FDA moves to protect blood donations from Zika virus

FDA moves to protect blood donations from Zika virus
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The Food and Drug Administration is recommending delays for blood donations from people deemed at risk of having the Zika virus.

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The FDA on Tuesday issued guidance "in order to protect the U.S. blood supply" recommending that donations from people viewed as at risk of having the virus be deferred for four weeks. 

The categories of people that fall within this “at risk” designation include those who have returned from countries with active transmission of the virus within the past four weeks. 

The delay in donating blood is also recommended for people with symptoms of the virus, or people who have had sex with someone who travelled to an affected country in the past three months. 

The FDA states that there have been no reports of Zika virus entering the U.S. blood supply. However, the agency adds, “the risk of blood transmission is considered likely based on the most current scientific evidence of how Zika virus and similar viruses (flaviviruses) are spread and recent reports of transfusion-associated infection outside of the U.S.”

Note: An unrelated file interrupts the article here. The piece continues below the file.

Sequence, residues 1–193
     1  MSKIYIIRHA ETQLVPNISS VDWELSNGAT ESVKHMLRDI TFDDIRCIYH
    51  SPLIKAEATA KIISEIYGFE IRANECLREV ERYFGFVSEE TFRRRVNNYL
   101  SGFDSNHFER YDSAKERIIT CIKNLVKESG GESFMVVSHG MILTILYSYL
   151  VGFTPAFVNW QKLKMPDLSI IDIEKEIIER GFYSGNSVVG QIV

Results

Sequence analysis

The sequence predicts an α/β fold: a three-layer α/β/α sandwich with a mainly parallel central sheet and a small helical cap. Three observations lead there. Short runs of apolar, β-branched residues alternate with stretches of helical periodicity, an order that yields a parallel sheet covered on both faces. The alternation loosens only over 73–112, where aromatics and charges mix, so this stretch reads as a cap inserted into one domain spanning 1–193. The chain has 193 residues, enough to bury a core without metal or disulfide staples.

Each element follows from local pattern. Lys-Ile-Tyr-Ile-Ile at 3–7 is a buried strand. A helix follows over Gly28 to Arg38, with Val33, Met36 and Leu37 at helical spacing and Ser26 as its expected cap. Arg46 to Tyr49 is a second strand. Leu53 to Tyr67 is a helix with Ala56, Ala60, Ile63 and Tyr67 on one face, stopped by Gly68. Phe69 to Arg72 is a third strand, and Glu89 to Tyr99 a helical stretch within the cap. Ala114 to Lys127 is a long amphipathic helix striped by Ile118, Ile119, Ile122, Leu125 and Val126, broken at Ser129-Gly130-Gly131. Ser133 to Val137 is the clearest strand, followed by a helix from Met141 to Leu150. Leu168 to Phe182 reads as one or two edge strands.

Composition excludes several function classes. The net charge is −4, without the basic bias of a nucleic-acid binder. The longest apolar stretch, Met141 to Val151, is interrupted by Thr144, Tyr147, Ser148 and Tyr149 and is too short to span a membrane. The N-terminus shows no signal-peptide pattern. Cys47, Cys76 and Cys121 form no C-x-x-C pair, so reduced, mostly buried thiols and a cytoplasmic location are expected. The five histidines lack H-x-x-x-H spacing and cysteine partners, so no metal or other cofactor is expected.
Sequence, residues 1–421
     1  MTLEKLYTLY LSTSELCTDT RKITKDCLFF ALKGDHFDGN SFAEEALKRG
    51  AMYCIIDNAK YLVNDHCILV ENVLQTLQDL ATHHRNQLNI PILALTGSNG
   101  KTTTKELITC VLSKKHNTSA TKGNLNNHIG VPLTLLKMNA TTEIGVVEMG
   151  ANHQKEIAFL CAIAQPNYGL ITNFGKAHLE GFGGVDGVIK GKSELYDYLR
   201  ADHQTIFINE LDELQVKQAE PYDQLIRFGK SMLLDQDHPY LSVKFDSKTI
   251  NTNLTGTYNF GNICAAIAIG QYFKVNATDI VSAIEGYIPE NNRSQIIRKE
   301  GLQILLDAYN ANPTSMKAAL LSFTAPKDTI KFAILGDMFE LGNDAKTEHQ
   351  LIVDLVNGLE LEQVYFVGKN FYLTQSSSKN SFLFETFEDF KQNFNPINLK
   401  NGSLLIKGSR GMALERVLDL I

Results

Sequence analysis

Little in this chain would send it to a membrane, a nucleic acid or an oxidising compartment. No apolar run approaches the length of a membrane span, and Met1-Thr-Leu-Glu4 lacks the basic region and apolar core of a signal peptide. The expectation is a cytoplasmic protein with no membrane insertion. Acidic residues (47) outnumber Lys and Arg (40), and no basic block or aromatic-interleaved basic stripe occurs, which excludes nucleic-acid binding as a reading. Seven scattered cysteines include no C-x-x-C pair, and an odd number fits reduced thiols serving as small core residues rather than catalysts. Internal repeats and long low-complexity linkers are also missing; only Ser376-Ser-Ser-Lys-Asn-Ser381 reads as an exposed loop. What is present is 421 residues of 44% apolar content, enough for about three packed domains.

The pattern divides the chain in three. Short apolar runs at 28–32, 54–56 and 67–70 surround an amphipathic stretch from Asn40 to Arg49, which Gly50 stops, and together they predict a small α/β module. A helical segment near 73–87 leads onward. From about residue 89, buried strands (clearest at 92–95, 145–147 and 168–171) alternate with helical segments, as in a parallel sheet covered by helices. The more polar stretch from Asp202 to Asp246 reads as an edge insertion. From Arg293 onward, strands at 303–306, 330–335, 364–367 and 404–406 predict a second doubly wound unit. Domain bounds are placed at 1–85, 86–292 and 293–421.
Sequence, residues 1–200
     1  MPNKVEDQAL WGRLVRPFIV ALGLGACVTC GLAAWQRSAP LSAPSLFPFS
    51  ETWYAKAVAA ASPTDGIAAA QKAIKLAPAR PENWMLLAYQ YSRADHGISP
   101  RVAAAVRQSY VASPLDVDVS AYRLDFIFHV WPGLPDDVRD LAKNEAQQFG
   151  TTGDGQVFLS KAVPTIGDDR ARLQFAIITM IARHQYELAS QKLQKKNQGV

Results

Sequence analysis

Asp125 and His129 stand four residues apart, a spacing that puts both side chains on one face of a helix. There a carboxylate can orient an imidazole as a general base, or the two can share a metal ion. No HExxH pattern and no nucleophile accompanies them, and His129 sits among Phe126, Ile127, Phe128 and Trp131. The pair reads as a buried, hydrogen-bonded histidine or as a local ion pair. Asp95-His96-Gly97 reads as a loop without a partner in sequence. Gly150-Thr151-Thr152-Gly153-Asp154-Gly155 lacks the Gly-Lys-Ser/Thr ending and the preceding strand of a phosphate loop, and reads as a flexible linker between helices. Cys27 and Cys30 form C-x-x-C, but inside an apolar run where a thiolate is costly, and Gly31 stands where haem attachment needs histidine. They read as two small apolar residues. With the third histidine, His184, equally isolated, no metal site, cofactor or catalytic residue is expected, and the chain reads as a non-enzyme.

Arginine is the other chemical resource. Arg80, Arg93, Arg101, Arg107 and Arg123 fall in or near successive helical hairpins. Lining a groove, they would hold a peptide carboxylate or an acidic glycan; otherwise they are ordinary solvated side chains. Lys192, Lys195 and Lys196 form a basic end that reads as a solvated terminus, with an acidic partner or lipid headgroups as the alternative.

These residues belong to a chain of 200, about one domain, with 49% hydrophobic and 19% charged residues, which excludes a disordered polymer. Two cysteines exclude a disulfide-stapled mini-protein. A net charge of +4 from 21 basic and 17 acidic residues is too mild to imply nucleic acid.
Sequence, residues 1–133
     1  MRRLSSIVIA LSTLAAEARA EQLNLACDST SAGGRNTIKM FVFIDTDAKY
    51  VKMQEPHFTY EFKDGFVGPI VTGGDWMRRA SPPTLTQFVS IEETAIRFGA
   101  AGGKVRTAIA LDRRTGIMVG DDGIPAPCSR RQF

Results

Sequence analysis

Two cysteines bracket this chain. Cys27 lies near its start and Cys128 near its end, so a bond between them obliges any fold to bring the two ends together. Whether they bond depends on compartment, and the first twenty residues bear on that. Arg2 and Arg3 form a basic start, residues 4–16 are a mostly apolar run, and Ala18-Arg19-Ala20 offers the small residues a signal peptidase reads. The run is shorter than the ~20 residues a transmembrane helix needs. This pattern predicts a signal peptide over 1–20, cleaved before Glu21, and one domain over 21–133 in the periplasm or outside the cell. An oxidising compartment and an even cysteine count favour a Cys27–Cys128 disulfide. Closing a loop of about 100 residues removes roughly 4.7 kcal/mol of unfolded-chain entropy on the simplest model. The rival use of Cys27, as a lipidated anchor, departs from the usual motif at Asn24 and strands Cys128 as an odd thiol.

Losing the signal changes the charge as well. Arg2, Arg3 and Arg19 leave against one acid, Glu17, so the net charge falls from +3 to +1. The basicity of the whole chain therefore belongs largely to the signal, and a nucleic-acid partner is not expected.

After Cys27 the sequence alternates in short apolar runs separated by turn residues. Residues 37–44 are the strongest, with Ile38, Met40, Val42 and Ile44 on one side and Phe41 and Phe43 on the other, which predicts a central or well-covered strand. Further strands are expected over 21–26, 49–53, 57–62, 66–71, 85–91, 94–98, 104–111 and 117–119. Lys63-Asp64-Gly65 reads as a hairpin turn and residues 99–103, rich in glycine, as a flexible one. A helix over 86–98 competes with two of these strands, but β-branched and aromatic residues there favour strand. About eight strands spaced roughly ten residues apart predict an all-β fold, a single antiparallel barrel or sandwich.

The virus is mainly transmitted through mosquito bites. There have not yet been cases of mosquitos transmitting the virus in the United States, though some people returning to the U.S. from other countries have been found to have the virus. 

Officials say they expect any outbreaks of the virus in the U.S. to be limited to small clusters, given the experience with similar mosquito-borne viruses. 

The symptoms are generally mild, but there is risk for pregnant women given that the virus could be linked to birth defects that can cause developmental problems in children. 

The FDA said it is also prioritizing the development of better diagnostic tests. The White House’s request to Congress for $1.8 billion in funds also includes money to boost work on developing a vaccine.